We live in a sin-stained, idol-filled, addiction-prone world and humanities’ greatest need is for redemption. However, for many Christians, bridging the gap that often exists between the Bible and the trial is incredibly difficult. Even those who are well-trained in hermeneutics struggle from time to time to apply God’s Word in a relevant way that speaks powerfully to the human condition.
With this in mind, Mike Wilkerson, counseling pastor at Mars Hill Church in Seattle, has written a brilliant book entitled Redemption: Freed by Jesus from the Idols We Worship and the Wounds We Carry. Drawing upon the Exodus event and real-life stories of addictions, hurt and idolatry, Wilkerson paints a vivid picture on how Jesus leads us to freedom. Some of the stories Wilkerson tells are absolutely gut-wrenching and will make even the most jaded reader wince. Yet that makes the picture of the redemption we have in Christ all the more beautiful.
After an introduction that orients the reader to the reason why sin exists, the first chapter, entitled “When You Suffer, God is Near” outlines how just as Israel suffered under the brutality of the Egyptians, we too suffer. Yet it is in our darkest hour of suffering that we can see the evidences of God most clearly.
The second chapter, entitled “Bricks Without Straw: How Long Oh Lord” encourages believers and those who are hurting most to cry out honestly to God in the midst of our hurt. We may not always receive an answer for why we suffer, yet the Christian can place his or her faith in a God who is always faithful.
Chapter three, entitled “The Passover: At Your Worst, God Gives His Best” Wilkerson shows how the Passover becomes a picture of the cross and a model for God’s dealings with us. This chapter centers on our need for forgiveness.
Chapter four, entitled “Crossing the Red Sea: Into a New Life Free from Shame” is really, in many ways, the hallmark chapter of the book. Here, Wilkerson describes how the actual event of the Exodus serves as a paradigm for our own freedom. We are remade because our Creator was unmade. Due to this process of recreation, we are not defined by our past struggles but by our new identity with Christ.
Chapter five, entitled “Demanding Manna: The Subtle Significance of Everyday Desires” was, for me, arguably the most convicting chapter because it deals with an issue that virtually every person struggles with: good desires turning into idols. Here, Wilkerson discusses how even the most basic, natural desires can and often do become idols when they take the place of God. This is a brilliant chapter and full of insight that every pastor needs.
Chapter six, entitled “The Golden Calf: Volunteering for Slavery” is an outstanding chapter on idolatry. While much of this can be read in Tim Keller’s Counterfeit Gods, Wilkerson nevertheless brings his own unique spin to the discussion. Ultimately, however, this chapter feels too borrowed from Driscoll’s own Death by Love and Counterfeit Gods by Keller. That said, it is nice to see both Driscoll’s and Keller’s works synthesized into a coherent system.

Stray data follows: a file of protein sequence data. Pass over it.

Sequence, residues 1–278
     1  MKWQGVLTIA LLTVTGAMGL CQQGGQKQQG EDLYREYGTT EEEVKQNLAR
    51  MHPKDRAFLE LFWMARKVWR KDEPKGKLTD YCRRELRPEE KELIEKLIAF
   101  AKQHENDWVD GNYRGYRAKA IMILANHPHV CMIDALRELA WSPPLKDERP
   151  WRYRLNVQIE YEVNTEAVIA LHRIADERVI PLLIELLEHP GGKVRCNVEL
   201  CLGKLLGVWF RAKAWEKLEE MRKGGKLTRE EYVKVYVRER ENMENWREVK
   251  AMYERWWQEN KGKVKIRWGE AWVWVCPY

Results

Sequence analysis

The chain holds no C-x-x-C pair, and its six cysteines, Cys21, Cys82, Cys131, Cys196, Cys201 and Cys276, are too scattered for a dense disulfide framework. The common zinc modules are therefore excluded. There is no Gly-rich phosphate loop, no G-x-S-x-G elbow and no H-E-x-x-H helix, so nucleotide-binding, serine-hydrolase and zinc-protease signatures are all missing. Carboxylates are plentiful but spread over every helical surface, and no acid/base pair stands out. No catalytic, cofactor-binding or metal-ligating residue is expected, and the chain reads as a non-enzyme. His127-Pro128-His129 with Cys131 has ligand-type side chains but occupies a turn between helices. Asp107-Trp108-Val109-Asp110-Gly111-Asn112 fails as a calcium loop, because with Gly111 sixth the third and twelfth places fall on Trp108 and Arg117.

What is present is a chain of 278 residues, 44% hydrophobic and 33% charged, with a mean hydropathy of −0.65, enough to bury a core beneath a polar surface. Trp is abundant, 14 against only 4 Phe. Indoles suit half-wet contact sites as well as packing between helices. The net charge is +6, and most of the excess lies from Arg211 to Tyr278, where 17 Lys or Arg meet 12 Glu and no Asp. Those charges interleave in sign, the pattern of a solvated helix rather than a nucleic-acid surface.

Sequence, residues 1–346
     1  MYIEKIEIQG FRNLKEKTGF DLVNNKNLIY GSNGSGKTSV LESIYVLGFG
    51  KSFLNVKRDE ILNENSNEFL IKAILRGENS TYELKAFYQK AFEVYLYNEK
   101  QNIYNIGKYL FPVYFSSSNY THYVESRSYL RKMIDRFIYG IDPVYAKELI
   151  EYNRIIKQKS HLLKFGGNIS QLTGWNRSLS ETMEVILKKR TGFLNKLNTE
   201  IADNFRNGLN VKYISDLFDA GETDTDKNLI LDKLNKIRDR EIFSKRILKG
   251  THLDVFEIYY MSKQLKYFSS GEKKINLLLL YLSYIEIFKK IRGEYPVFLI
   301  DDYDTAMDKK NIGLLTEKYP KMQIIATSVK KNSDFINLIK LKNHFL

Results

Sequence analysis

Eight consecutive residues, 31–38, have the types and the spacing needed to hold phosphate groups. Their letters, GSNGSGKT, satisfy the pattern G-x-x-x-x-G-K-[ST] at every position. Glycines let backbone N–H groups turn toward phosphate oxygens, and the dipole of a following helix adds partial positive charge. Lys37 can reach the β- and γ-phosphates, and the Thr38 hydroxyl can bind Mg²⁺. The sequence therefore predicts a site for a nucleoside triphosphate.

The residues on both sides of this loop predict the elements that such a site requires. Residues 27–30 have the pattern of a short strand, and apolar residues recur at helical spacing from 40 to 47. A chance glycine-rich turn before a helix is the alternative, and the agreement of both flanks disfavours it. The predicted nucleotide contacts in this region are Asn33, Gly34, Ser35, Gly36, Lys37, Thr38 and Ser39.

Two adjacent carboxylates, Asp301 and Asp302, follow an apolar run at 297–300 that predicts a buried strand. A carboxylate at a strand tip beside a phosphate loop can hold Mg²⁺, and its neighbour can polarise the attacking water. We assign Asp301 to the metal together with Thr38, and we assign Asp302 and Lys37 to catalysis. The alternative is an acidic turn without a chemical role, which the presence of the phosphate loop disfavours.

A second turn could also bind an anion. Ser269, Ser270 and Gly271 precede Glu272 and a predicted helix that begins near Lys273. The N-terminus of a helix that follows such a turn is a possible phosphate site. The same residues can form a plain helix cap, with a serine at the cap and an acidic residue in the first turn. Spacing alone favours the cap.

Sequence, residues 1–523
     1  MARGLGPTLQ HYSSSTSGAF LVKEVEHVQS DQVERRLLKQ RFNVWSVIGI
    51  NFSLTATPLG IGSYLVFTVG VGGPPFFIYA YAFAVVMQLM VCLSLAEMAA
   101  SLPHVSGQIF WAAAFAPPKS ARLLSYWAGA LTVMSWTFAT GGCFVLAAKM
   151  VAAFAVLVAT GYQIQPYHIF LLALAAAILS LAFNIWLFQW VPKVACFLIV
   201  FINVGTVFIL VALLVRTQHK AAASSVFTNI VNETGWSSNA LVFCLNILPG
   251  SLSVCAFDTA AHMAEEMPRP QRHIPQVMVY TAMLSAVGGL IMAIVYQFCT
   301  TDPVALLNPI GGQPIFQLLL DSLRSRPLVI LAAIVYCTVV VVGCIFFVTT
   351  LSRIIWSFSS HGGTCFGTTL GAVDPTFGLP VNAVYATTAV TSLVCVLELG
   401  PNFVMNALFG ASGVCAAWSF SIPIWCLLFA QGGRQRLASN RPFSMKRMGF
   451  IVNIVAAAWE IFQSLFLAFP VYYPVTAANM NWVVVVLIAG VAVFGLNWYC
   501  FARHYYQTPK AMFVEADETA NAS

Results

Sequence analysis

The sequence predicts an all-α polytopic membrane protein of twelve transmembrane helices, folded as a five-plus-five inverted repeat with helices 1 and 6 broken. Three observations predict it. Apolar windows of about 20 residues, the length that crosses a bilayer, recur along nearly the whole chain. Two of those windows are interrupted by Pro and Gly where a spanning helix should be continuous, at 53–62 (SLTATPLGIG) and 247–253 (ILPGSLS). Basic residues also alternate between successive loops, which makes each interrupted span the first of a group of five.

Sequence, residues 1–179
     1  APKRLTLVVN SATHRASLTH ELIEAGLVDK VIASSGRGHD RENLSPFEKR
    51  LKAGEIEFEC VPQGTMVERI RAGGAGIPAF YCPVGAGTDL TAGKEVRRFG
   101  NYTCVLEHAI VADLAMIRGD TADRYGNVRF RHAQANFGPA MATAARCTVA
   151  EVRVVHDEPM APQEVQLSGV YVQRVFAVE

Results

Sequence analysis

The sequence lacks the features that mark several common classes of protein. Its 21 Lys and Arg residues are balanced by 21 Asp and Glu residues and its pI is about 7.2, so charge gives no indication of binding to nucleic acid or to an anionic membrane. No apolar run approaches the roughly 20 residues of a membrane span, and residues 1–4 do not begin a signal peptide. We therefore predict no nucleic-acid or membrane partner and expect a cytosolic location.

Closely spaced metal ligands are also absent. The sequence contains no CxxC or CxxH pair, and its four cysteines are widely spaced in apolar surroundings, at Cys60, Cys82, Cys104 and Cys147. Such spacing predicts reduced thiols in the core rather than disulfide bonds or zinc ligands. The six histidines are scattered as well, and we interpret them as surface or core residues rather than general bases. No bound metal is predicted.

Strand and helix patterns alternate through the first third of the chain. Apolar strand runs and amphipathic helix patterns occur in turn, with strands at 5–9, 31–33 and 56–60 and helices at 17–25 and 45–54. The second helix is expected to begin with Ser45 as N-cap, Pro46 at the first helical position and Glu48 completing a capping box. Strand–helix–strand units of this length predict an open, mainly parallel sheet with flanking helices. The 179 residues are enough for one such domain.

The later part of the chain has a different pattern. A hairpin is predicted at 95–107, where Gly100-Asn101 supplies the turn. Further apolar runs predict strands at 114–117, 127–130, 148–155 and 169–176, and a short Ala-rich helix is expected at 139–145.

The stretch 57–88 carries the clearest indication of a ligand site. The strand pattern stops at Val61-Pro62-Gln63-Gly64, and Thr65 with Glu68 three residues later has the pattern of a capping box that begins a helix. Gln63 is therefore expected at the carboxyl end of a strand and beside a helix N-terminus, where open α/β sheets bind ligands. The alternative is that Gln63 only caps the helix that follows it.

Chapter seven, entitled “The Covenant-Keeping God: Our Only Hope for Lasting Change” warns the reader that change and freedom is not possible by a simple act of the will. Our redemption is ultimately found in resting in the God who is faithful to His covenant. In many ways, freedom rests not in “doing” but in “being”. This chapter provides several needed warnings against such things as “idol-hunting” and “morbid introspection”. It is a brilliant chapter and will provide much food for thought.
Chapter 8 is entitled “Is God Your Promised Land” and asks the reader to consider that question very closely. Freedom from sin is not just for the sake of freedom—it is freedom to know God better. If God is not our “Promised Land” we are elevating freedom from a particular sin to the level of an idol. This too is an excellent chapter and is a tremendous reminder for many who find themselves in counseling situations.
Finally, the epilogue and appendix provide short exhortations as well as a helpful summary and synthesis of the book. My only regret here is that another chapter was not devoted to Wilkerson for the very heavy topic of religious addiction, which he covers in a mere page and a half in the appendix. Overall, however, the epilogue and the appendix serve their purpose well.
In conclusion, Wilkerson’s book is a tremendous book that covers the some much needed ground in truly biblical counseling. Redemption is highly readable and practical. I found myself repeatedly needing to place the book down and worship our God who has redeemed us. While the book is short, clocking in at 176 pages, it is a heavy book and is not light reading. In many ways, I wish this book was made mandatory for every believer taking a hermeneutics class because it teaches one how to apply the Bible accurately and practically. It is my prayer that Wilkerson’s book finds its way into the hands of many pastors.
*Thanks to Crossway Publishers for providing me a free review copy of this book*